- Journal Archives
- Volume 16
- Volume 15
- Volume 14
- Volume 13
- Volume 12
- Volume 11
- Volume 10
- Volume 9
- Volume 8
- Volume 7
- Volume 6
- Volume 5
- Volume 4
- Volume 3
- Volume 2
- Volume 1
I think we can breathe a sigh of relief knowing that drone safety is on the radar. The Federal Aviation Administration (FAA) released a long-term roadmap [PDF] delineating the specific requirements for the use of domestic drones. Drones are the talk of the town — they often show up in the news in a variety of contexts. There are, of course, the very serious US military drones used in attacks like those in Pakistan [PDF] and Yemen — attacks that human rights organizations Amnesty International and Human Rights Watch say are causing unjustified tragedies and unaccounted-for legal violations. But some are also promoting drones for their convenience, such as “pizza delivery drones” and inexpensive underwater exploration drones.
What exactly is a drone, you ask? In a nutshell, “[d]rones are efficient, small, flexible, and not bound by gravity…operated remotely” robots. They have a countless number of positive qualities. In fact, besides simply being convenient and useful (imagine if every restaurant had the delivery speed and accuracy of Jimmy John’s!), drones can revolutionize our way of living.
Commercial and recreational drones can make a big impact. They can lessen urban congestion, decrease carbon emissions, and promote our health and standard of living. But the question remains: are they safe?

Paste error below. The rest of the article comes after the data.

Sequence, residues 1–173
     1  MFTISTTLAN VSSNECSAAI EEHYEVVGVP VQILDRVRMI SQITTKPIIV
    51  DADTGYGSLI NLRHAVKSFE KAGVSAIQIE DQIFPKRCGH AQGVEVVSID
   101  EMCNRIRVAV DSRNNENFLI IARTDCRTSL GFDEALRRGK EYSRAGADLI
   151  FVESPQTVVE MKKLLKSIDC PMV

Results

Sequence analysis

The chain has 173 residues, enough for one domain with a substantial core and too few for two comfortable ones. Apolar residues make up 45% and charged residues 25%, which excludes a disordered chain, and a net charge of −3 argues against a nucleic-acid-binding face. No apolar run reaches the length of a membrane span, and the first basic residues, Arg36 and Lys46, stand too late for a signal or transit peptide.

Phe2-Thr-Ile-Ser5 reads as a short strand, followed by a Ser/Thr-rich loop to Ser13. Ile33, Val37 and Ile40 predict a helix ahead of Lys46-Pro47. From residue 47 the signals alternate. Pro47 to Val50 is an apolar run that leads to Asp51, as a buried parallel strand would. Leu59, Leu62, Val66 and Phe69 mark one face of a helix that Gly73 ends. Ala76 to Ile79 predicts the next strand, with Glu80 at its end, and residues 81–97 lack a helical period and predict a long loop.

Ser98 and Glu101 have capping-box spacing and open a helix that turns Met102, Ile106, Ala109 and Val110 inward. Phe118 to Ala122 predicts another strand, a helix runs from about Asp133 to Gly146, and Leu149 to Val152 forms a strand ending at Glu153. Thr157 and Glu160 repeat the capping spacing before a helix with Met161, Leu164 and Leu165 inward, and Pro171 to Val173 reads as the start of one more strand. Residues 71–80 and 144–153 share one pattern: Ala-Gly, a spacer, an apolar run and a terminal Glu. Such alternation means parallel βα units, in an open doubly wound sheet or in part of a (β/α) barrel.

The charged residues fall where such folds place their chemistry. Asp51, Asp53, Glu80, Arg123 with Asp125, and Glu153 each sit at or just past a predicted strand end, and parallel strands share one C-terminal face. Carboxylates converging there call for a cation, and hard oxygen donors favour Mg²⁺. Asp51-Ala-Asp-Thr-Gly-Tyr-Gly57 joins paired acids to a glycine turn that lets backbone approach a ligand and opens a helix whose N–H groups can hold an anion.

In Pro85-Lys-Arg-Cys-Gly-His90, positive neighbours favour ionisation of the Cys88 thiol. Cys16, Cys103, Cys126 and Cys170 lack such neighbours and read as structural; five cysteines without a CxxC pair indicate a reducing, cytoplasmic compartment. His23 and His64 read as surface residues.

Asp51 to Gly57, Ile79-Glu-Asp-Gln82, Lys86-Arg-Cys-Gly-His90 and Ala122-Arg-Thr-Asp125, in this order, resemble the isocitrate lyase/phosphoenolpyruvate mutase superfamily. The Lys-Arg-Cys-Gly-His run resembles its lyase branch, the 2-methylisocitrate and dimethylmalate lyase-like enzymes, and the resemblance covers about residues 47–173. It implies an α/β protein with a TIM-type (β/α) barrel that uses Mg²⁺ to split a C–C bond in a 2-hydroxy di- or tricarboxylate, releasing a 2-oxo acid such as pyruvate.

The FAA roadmap is designed to produce a certification process for existing aircraft and certification guidelines for drone pilots. Then the agency will begin to work on rules for commercial drones. These are much-needed steps, as the industry is quite popular and lucrative. Within five years of granting commercial drones widespread access to the sky, the FAA estimates that approximately 7,500 of them will fill the air.
While the roadmap addresses an important concern, it does not address privacy issues. The agency is well-versed in technology, but it admits it has little of the expertise needed to address privacy concerns or regulate potential surveillance flights. Should the certification process begin before some measures have been taken to address privacy concerns? Who will be granted access to the skies? What if you don’t want drones whirring around your house or neighborhood? How will you even know if one is in the area?
How do you feel about commercial drones buzzing around you and your property, potentially invading your privacy? The vehicles’ technology might contain safety restrictions to prevent it from physically falling on you or hurting you, but what can be done to address other dangers, such as providing access and information to identity thieves, stalkers, murderers…?
Recent Blog Posts
- Guest Post: Harnessing the Power of Fans in Sports Franchise Ownership through Crowdfunding
- Faceboculus: The Metaverse had a Kickstarter
- Heigl v. Duane Reed: A Battle for Publicity
- Weev Still Got a CFAA Problem: Andrew “Weev” Auernheimer’s Computer Fraud and Abuse Act Conviction Vacated
- Monday Morning JETLawg
- Crowdsourcing Disaster Relief
Tagsadvertising antitrust Apple books career celebrities contracts copyright copyright infringement courts creative content criminal law entertainment Facebook FCC film/television financial First Amendment games Google government information security intellectual property internet JETLaw journalism lawsuits legislation media medicine Monday Morning JETLawg music NFL patents privacy progress publicity rights radio social networking sports technology telecommunications trademarks Twitter U.S. Constitution